Antiplatelet agents (such as aspirin or clopidogrel) are medications that reduce blood clotting and are recommended for all patients with coronary heart disease equivalents, which include PAD. While these medications may only modestly improve claudication symptoms, treatment reduces the need for surgery and decreases the risk of cardiovascular complications (such as heart attack or stroke) and death. Clopidogrel had a modest but significant advantage over aspirin for reducing the risk for cardiovascular events in a large randomized trial, particularly among patients with PAD. A combination of antiplatelet and low-dose antithrombotic therapy may benefit patients with PAD. Rivaroxaban, an oral anticoagulant, at 2.5 mg twice a day plus aspirin reduced the risk for major adverse cardiovascular events and major adverse limb events compared with aspirin alone; however, rivaroxaban plus aspirin increased the risk of major bleeding.

Exercise — Exercise programs reduce the symptoms of claudication, for example, by allowing you to increase the distance and time you can walk before developing symptoms [1]. People who respond to an exercise program can expect improvement within two months. The exercise programs should be individually prescribed where possible. All patients should aim for at least 30 min of aerobic activity, at least three times a week, ideally in the form of walking exercise to near-maximal claudication pain [2]. The benefits of exercise diminish when exercise training stops.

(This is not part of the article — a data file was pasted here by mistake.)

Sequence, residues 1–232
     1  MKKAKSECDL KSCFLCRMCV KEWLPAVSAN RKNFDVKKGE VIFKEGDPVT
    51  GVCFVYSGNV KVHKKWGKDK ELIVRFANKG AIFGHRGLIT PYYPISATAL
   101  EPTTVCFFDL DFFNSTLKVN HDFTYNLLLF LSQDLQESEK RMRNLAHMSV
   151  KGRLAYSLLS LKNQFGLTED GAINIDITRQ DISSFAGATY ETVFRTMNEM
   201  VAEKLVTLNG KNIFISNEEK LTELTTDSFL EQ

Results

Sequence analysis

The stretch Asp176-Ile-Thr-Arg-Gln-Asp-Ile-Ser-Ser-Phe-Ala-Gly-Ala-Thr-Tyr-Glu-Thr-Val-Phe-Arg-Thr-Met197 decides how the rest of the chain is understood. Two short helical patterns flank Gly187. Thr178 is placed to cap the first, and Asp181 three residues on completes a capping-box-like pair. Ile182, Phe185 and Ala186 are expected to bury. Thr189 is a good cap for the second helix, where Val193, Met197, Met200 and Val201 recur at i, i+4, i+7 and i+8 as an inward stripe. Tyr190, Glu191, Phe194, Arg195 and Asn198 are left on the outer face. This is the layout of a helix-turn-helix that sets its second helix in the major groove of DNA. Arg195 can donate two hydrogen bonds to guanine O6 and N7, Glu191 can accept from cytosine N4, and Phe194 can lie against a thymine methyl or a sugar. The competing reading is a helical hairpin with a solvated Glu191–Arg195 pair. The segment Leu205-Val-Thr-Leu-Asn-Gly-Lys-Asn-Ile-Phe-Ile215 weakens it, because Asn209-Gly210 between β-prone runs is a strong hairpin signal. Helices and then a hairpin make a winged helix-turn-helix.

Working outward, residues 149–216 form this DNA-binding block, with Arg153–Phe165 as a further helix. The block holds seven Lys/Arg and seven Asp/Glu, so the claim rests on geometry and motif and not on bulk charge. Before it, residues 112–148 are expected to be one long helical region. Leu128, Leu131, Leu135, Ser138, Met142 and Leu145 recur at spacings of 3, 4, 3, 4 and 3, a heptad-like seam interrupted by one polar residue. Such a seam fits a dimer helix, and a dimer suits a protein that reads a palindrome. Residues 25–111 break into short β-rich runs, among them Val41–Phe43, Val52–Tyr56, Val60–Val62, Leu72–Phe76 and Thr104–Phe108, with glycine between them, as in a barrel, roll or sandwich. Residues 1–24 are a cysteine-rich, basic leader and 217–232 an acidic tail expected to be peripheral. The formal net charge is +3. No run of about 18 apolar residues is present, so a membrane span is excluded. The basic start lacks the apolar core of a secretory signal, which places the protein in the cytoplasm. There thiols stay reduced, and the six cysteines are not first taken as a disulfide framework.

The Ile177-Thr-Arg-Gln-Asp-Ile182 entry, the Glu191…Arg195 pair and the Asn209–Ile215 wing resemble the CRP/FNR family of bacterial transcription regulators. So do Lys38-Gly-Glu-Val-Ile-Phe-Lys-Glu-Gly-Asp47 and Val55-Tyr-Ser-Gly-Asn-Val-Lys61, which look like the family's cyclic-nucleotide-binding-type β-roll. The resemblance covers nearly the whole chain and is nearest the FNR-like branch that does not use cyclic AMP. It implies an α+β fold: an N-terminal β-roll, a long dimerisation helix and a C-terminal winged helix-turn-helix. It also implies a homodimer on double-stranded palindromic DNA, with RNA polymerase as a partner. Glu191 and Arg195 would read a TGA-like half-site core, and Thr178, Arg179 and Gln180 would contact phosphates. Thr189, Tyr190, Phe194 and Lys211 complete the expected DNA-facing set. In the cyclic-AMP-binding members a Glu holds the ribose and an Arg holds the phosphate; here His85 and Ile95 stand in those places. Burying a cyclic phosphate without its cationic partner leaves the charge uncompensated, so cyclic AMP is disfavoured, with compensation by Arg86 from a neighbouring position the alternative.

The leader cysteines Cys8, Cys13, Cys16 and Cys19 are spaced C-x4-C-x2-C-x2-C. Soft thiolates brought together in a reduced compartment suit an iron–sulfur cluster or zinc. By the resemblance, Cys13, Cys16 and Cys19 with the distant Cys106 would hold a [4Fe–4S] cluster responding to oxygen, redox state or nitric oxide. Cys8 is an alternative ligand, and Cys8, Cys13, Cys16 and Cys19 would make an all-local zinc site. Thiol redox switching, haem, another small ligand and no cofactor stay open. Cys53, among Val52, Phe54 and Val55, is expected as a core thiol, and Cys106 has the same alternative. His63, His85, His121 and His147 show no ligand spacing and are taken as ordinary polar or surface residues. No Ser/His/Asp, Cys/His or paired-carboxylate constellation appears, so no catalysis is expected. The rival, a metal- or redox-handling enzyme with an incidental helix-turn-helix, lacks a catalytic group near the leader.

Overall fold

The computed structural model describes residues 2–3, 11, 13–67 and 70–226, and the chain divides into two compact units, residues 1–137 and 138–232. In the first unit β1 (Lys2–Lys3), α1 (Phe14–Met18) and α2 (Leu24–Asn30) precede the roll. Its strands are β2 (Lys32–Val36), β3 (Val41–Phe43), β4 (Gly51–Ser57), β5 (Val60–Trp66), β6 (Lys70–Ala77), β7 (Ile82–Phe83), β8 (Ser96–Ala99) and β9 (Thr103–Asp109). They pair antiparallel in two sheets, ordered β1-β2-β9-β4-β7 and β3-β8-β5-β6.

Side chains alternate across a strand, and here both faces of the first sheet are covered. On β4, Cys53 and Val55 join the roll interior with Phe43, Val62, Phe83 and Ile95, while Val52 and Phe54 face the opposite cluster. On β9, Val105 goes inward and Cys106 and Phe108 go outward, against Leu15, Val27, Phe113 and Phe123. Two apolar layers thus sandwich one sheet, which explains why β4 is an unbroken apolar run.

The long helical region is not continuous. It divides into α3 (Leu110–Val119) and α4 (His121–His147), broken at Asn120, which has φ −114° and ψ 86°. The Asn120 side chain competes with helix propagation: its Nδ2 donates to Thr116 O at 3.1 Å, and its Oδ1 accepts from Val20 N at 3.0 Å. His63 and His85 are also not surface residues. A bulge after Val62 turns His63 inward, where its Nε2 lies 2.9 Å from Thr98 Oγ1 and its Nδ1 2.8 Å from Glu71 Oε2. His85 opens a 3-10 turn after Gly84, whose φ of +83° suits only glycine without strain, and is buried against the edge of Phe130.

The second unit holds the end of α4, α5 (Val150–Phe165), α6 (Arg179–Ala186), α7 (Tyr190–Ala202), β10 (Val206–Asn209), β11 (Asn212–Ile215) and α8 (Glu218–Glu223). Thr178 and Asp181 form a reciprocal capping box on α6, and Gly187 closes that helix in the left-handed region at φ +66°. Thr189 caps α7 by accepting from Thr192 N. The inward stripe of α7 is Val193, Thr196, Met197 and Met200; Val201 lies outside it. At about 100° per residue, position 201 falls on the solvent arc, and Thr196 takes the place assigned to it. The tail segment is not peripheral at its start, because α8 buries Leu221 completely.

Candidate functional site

Motivated patients who are supervised by a professional achieve the best results. In May 2017, the Center for Medicare and Medicaid Services in the United States announced a decision to provide coverage for supervised treadmill exercise for people with PAD. Supervised exercise training involves walking on a treadmill or a track for 45 to 60 minutes at least three times per week. The sessions are supervised by an exercise physiologist, physical therapist, or nurse. The exercise program can be adjusted based on the presence of other cardiovascular problems (such as an abnormal heart rhythm or chest pain).